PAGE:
Other than those minor issues, I really enjoyed the diversity of characters. Their personalities, and backgrounds were complex, and I liked how I could finally read from the perspective of someone who isn’t “perfect”. Their problems seemed real, and made my heart tightened with fear and regret. Some of the things the women explained made me continuously question their motives, and pulled me in all sorts of directions. I actually really love reading from unreliable characters because it makes you question everything and anything the novel tells you. Around 80% of the story, I did figure out “who did it”, but it really wasn’t obvious, and Paula Hawkins did an excellent job at throwing some misleading clues here and there. I actually wavered between three characters, until I finally made my decision, and thankfully, I was right!

“The holes in your life are permanent. You have to grow around them, like tree roots around concrete; you mould yourself through the gaps.” 

The writing and the world building of this book isn’t anything special, but it isn’t necessarily bad either. Hawkins’s writing was clear and straightforward, with no evident plot holes or smudges in between. It really surprised me to find out that The Girl on the Train was her debut novel, as her writing was very eloquent, and her characters well thought out.

Overall, I really enjoyed The Girl on the Train. It was a suspenseful and thought provoking read, though it didn’t necessarily capture my attention from the very first page. I would recommend it to readers who haven’t read many thrillers and would like to get into that genre, starting with a softer but still intriguing read.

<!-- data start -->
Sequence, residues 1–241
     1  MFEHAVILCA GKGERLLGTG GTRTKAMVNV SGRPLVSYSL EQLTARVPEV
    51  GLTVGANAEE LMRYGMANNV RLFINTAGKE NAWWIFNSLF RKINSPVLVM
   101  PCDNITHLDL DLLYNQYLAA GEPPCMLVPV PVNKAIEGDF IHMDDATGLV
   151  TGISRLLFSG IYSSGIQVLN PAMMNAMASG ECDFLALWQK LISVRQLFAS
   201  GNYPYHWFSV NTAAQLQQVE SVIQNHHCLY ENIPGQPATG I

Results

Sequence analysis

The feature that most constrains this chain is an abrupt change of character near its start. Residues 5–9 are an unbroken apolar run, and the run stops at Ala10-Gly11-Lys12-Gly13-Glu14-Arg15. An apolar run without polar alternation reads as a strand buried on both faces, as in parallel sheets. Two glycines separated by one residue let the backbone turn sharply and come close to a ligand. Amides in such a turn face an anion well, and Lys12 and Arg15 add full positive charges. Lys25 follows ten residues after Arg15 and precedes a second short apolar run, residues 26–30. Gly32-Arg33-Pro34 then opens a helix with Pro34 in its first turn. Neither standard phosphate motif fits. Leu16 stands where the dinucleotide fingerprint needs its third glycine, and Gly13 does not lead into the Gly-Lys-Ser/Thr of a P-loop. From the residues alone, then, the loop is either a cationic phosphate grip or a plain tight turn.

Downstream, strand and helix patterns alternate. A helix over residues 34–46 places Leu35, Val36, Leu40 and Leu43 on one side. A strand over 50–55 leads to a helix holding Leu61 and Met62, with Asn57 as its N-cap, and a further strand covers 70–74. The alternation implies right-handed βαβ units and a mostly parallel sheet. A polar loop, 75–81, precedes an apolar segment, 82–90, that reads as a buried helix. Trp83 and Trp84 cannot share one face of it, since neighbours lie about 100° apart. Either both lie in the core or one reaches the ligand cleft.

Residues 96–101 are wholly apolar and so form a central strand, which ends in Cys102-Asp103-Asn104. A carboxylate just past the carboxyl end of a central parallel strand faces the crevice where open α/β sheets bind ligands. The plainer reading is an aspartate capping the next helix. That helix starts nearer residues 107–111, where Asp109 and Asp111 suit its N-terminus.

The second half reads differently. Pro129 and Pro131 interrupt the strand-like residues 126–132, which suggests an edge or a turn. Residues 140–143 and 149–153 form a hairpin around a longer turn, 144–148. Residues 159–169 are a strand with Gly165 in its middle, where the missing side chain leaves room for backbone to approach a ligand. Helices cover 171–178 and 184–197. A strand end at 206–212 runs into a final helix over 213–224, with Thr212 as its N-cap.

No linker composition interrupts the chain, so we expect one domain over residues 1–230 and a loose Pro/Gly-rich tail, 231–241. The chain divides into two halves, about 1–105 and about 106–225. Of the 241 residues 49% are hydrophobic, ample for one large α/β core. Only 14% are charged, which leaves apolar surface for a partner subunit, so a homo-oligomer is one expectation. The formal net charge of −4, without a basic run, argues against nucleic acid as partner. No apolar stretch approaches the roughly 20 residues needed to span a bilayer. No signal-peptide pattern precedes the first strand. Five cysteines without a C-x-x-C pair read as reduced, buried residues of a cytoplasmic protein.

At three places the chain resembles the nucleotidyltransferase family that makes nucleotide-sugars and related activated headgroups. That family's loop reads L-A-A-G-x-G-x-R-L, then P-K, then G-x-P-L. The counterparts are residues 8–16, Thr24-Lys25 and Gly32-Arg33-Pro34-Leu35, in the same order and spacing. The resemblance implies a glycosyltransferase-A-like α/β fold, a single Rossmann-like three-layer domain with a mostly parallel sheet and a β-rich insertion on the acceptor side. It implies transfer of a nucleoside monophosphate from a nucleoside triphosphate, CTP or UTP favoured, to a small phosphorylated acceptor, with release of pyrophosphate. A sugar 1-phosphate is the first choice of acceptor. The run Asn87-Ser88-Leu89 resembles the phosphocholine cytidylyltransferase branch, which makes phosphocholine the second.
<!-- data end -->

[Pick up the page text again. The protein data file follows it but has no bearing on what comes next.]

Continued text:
First off, I was quite mad at the ending. I can’t believe that the reason Tom killed Megan was because of her calling him some insults. Sure, it’s infuriating, but it’s not a typical reason to want to murder someone. Also, I expected him to have a deep, dark secret that only Megan knew or something along those lines so that it made sense that he wanted her gone. The murder seemed like such a last minute decision, and all the build up towards it was definitely not worth the result. I was clenching tightly onto the book through the last couple of chapters, flipping the pages furiously because I wanted to know “why?”” why did Tom do it?” and then I get there, and it just fell flat on it’s face. Maybe it’s just me, but the motive really didn’t satisfy me or gave me a reasonable enough conclusion to what could have been a much more developed psychological thriller. Now I’m off to find Gone Girl!



Have you read The Girl on the Train? What were your thoughts? Please don’t leave spoilers below for those that haven’t gotten to it yet 😀 I would love to know what you thought about the ending though, so if you could do a spoiler free version, I would much appreciate it!

Thanks for reading xoxo,

-Jenna <3-

Find me here!



8 thoughts on “Book Review: The Girl on the Train

  1. thebookcubbyblog says:

    I never reviewed the book since I read it before I started blogging but I gave it 1 star. Lol. I made myself finish it in hopes that it would get better. I think I would have been more forgiving of Rachel if the ending was a total knockout.

    Liked by 1 person

  2. thebookcubbyblog says:

    I couldn’t stand this book. I think it was because of Rachel. She was too much of a baby and she blubbered all the time. I was like get it together. And then the ending climax of the story was literally like three pages and that was it. I feel like it was built up so much and then it was over in mere moments. I think I’m the minority on my feels for this book. Lol.

    Liked by 1 person

    • lostwithinwordsx says:

      Haha I totally agree about Rachel XD She was so whiny and annoying! But I did still prefer her over the other two women, they were even worse! How many stars did you give this book?